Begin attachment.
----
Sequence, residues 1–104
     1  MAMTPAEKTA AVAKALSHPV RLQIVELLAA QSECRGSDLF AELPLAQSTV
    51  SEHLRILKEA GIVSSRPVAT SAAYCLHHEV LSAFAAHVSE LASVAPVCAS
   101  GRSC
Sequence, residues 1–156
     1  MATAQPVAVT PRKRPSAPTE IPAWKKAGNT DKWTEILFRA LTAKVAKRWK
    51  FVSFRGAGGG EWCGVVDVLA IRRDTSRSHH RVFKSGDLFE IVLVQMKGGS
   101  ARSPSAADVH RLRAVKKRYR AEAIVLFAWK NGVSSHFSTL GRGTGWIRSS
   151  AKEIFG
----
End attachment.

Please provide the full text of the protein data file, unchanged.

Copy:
Sequence, residues 1–104
     1  MAMTPAEKTA AVAKALSHPV RLQIVELLAA QSECRGSDLF AELPLAQSTV
    51  SEHLRILKEA GIVSSRPVAT SAAYCLHHEV LSAFAAHVSE LASVAPVCAS
   101  GRSC
Sequence, residues 1–156
     1  MATAQPVAVT PRKRPSAPTE IPAWKKAGNT DKWTEILFRA LTAKVAKRWK
    51  FVSFRGAGGG EWCGVVDVLA IRRDTSRSHH RVFKSGDLFE IVLVQMKGGS
   101  ARSPSAADVH RLRAVKKRYR AEAIVLFAWK NGVSSHFSTL GRGTGWIRSS
   151  AKEIFG